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Success in Vegas frustrating GMs

Did the NHL help give Vegas too much help out of the gate?

Embed from Getty Imageswindow.gie=window.gie||function(c){(gie.q=gie.q||[]).push(c)};gie(function(){gie.widgets.load({id:’aBi-iWr-TBd9a6LutPdoUA’,sig:’0yIR9JaUmv5oC__b-LDIHPYFjELTrTDCMNsiVoMG_74=’,w:’594px’,h:’337px’,items:’862599114′,caption: true ,tld:’com’,is360: false })});With the Vegas Golden Knights finishing off the San Jose Sharks and moving on to the Western Conference Finals, a growing storm is also moving into view.

Many NHL GM’s, while impressed with Vegas’ success, are also furious at it. The further Vegas moves into the playoffs, the more articles are coming out bashing how “unfair” the expansion draft was to these GMs. Consider this piece the anti-thesis against this entire movement.

The Vegas Expansion Draft

The expansion draft was a really fun time last summer for NHL fans and not so much for NHL GMs. Golden Knights GM George McPhee brilliantly worked the system to acquire picks and get specific players he wanted for a price from other NHL teams.

By the same token though, NHL GMs acted incredibly foolish in their roster management. Florida gave away Reilly Smith in a salary move so Vegas would agree to take Jonathan Marchessault. Both have ended up being two of Vegas’ best players and NHL circles are now saying it’s unfair because the salary cap forced Florida to move Smith. Wrong. How about Florida’s GM completely underestimated his own roster and actively gave up two good young players for nothing.

 

If Florida’s GM wanted to move Smith for salary reasons why didn’t he try to find a suitor that would’ve given him far more back then what Vegas did?

Why didn’t he just keep Smith and only lose one of Marchessault or Smith? Florida isn’t alone in baffling moves, though. The Islanders gave up Mikhail Grabovski and a 1st round pick so the Golden Knights would take Jean-Francois Berube. Grabovski when healthy is a solid top 9 forward who was traded solely for money reasons. Yet this is the same Islanders team that signed Andrew Ladd to an awful long-term contract, but no one wants to consider that.

NHL GM’s who mismanaged their rosters are of course the loudest complainers about Vegas, yet Nashville, which gave a good player in James Neal, was the NHL’s best team, and Tampa Bay, which gave up a decent defenseman in Jason Garrison, finished third overall in the league.

The narrative right now should be how many GM’s failed to understand their own rosters, not that they were swindled by the expansion draft.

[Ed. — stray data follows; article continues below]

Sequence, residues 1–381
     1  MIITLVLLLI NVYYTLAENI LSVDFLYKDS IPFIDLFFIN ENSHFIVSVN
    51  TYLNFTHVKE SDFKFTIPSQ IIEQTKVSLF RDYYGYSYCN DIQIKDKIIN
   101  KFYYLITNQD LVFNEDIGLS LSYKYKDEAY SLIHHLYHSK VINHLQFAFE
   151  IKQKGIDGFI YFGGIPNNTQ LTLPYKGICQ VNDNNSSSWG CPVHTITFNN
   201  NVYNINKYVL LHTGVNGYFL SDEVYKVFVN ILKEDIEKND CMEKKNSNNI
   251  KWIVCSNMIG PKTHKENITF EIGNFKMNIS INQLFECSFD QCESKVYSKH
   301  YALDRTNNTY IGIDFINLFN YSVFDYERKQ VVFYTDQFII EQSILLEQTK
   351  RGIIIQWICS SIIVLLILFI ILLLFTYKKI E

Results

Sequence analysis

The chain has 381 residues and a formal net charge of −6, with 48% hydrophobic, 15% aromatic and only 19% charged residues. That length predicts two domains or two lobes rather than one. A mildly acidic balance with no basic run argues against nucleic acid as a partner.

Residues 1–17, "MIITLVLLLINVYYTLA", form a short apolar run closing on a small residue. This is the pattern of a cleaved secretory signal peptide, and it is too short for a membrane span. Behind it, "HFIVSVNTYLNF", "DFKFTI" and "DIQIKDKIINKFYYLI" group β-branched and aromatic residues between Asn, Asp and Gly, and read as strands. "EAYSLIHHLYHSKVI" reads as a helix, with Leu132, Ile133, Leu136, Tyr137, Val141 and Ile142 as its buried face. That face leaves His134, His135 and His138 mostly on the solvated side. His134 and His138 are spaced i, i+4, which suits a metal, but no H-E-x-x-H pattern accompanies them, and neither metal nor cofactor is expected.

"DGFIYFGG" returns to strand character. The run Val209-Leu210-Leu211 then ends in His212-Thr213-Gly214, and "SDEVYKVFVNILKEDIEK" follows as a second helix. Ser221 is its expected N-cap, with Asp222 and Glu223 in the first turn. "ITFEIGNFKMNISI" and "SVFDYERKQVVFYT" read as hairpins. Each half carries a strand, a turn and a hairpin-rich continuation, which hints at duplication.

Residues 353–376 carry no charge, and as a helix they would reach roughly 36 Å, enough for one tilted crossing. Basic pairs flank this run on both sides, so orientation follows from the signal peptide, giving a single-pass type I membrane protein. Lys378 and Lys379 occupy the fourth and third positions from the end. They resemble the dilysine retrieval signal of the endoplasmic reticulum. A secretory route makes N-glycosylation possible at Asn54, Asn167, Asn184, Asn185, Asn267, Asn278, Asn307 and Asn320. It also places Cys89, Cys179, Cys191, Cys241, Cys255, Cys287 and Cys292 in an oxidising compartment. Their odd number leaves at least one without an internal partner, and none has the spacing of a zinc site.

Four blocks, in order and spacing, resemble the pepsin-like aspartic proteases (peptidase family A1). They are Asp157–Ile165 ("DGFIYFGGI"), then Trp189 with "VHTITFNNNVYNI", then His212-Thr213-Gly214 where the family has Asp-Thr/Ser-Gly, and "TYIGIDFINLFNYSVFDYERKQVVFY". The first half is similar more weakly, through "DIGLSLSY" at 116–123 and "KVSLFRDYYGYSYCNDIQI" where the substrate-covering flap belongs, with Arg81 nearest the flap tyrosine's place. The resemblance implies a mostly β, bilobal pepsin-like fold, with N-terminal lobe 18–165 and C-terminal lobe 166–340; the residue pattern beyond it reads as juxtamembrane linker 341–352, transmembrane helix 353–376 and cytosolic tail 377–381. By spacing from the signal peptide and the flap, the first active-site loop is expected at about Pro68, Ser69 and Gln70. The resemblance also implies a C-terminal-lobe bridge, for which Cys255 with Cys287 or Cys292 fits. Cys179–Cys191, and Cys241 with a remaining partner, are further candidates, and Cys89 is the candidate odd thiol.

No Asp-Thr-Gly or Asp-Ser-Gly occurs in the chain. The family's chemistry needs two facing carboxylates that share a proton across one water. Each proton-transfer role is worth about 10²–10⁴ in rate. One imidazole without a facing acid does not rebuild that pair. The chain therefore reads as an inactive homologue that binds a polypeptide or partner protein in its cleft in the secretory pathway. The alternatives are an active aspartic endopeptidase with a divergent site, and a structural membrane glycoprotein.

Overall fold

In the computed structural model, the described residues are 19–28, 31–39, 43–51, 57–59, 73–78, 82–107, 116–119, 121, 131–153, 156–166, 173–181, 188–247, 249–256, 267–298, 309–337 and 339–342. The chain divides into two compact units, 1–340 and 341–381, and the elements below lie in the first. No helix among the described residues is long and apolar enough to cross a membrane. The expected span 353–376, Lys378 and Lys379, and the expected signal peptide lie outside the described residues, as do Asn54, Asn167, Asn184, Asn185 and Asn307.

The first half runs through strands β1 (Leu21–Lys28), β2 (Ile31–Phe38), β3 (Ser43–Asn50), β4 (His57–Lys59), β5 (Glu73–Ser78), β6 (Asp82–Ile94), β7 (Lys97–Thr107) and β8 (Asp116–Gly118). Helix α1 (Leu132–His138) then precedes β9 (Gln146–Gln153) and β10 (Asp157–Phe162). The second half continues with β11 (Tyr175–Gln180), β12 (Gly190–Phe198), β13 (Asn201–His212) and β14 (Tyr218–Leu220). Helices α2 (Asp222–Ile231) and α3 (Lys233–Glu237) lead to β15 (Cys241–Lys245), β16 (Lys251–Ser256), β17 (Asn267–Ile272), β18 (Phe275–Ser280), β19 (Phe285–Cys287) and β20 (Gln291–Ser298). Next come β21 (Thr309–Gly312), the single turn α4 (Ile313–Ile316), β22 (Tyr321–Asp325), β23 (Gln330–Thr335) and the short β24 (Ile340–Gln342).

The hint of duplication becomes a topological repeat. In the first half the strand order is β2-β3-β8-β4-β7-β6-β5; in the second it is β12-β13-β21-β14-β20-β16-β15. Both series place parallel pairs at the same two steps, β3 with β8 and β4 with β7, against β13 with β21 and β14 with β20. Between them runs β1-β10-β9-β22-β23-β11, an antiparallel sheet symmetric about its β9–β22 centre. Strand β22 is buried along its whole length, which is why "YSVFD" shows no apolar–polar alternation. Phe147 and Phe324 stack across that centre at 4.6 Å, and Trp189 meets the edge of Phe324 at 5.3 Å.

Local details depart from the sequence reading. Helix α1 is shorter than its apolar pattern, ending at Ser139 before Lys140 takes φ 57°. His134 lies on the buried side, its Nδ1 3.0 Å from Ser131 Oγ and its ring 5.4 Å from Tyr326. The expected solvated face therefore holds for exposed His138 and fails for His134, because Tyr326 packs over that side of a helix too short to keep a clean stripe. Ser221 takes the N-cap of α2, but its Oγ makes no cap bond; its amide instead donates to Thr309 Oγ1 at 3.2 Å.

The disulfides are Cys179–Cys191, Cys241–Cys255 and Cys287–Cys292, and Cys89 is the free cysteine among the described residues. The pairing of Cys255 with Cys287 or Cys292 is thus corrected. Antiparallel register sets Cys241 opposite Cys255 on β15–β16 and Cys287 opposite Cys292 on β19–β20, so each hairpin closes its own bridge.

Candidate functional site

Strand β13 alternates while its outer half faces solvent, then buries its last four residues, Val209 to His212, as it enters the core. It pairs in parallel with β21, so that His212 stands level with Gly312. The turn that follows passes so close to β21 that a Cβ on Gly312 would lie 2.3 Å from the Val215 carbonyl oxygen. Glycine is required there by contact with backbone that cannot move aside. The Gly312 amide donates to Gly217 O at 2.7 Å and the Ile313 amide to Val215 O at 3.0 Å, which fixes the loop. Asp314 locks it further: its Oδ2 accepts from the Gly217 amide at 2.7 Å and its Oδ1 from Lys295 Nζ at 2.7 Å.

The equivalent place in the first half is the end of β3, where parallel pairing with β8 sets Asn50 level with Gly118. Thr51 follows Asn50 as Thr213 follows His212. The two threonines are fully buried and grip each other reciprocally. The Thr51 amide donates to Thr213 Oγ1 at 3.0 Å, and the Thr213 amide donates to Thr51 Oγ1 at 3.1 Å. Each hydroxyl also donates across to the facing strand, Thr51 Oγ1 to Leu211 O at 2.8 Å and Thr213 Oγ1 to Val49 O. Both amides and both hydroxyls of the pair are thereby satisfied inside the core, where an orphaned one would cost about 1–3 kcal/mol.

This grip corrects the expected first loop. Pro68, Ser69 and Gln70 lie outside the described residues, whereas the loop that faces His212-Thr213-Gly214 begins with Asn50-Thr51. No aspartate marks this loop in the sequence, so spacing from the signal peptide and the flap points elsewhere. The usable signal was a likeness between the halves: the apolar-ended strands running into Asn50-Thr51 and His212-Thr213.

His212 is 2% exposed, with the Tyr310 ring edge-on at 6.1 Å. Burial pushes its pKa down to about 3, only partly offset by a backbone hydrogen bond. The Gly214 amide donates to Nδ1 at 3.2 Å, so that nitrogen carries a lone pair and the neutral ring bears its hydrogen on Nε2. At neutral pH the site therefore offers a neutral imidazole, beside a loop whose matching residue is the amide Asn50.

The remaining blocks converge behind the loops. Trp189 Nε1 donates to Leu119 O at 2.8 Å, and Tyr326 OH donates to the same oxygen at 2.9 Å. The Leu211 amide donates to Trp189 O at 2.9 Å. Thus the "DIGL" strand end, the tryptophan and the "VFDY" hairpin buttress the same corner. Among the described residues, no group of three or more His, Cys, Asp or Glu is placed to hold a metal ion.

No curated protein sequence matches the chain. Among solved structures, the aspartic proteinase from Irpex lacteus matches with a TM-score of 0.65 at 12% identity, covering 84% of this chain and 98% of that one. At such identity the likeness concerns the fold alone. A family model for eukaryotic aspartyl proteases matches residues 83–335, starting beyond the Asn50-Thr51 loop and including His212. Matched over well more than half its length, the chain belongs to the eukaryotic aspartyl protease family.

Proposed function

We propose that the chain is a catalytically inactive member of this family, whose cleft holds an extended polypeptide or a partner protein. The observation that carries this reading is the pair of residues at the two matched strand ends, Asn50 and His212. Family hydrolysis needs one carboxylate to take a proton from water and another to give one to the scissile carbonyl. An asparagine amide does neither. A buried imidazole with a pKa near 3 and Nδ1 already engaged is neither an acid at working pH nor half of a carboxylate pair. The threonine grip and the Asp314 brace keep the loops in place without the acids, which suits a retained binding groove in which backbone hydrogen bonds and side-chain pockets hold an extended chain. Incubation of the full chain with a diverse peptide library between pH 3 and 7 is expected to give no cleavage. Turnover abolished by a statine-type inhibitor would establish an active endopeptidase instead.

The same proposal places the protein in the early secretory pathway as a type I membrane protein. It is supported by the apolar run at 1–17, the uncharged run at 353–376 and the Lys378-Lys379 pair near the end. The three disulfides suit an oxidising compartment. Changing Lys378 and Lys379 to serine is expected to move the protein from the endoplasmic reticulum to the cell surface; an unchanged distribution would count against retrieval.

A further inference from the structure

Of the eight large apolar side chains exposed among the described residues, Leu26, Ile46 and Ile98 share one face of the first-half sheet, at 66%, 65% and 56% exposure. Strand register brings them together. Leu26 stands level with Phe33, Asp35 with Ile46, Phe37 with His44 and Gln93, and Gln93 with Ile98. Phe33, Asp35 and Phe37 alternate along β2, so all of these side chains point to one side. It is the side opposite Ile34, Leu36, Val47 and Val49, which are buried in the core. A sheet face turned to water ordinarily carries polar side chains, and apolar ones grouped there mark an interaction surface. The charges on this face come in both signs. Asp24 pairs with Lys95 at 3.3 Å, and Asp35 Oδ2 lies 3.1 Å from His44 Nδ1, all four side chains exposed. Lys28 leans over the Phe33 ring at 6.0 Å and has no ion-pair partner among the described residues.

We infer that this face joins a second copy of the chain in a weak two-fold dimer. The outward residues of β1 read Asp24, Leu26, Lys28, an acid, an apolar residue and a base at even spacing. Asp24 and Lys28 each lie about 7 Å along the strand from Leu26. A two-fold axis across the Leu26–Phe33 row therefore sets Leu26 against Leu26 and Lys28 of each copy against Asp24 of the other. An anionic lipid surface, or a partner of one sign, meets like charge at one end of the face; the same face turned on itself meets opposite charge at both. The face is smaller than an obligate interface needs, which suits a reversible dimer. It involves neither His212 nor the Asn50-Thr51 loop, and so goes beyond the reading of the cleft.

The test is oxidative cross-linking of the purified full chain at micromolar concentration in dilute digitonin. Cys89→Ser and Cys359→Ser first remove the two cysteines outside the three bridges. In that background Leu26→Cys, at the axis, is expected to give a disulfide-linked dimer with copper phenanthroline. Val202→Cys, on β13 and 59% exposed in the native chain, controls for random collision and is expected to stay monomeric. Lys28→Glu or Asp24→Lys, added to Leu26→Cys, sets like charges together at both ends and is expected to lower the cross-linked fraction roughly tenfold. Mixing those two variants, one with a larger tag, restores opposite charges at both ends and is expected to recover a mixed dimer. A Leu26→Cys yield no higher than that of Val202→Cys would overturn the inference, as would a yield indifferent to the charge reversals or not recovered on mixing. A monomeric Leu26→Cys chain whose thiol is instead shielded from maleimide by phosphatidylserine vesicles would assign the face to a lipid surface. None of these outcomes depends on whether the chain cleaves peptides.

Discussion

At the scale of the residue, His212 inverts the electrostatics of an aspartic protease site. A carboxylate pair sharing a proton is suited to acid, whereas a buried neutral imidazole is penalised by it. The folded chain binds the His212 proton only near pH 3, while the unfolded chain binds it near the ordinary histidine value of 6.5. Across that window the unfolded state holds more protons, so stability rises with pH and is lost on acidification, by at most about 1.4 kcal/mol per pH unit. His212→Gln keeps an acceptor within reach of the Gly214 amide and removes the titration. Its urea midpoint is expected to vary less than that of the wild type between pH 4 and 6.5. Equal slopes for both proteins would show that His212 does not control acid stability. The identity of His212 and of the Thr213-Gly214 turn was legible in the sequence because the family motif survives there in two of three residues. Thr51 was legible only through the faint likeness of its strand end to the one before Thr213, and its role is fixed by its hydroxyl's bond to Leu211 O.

Many NHL GM’s Are Incompetent

This leads to the general issue league wide. Many NHL GM’s are incompetent when it comes to roster management and hate/fail making tough decisions. Vegas should be the demarcation of this problem league-wide.

There are many teams besides Florida and New York that misunderstood their roster and let solid players go rather then make moves to get assets instead. This is the same league of GMs that wouldn’t offer sheet Nikita Kucherov, who just finished 3rd overall in points because it might rock the boat and hurt another teams feelings.

Think about that, an NHL GM instead refused to try improving their roster because they wanted to be nice to another GM. Even when GMs do try to make moves you have Peter Chiarelli trading potential league MVP Taylor Hall for literally an above average defenseman in Adam Larsson and… nothing else.

Part of this is because the NHL has a major culture clash between old school and new school thinking that is playing out currently. But by the same token NHL GM’s are more risk-adverse than any other league and owners grant far too many get out of jail free cards. This only keeps the cycle going rather than forcing a new culture of smart proactive GMs that would be willing to make changes.

Long Term Effects

One of my great fears due to Vegas’ success is when the NHL expands to Seattle, the league will modify the expansion draft rules from what they gave Vegas. Perhaps protecting an additional defenseman or forward wouldn’t be the worst thing to happen, but altering the rules so a future team finishes 21-51-10 in their first season because their roster is a joke would not be a great thing either.

No market does well long-term when they are always a bottom feeder in the standings. Atlanta was awful minus their one playoff appearance before leaving in 2011. If they had a fighting chance out of the gate would they have moved? There probably is a little truth that the expansion draft worked a little too well for Vegas, but lets also see where they stand the next few seasons after the emotion of this year plays out and players are not out there playing with a chip on their shoulder.

When the Sabres started the team was gift-wrapped Gilbert Perreault 1st overall, which really helped to jump start the team and Buffalo was good pretty quickly. Having some success or a competitive roster to start is not a bad thing for a new franchise.

I am not saying I want future expansion teams to be cup contenders out of the gate either, heck as a Sabre fan myself the last thing I want to see is Vegas in year one win when we are approaching 50 years with a no titles ourselves. But the league and new markets like Vegas are better for having a fighting chance out of the gate then a 10-year period of darkness.

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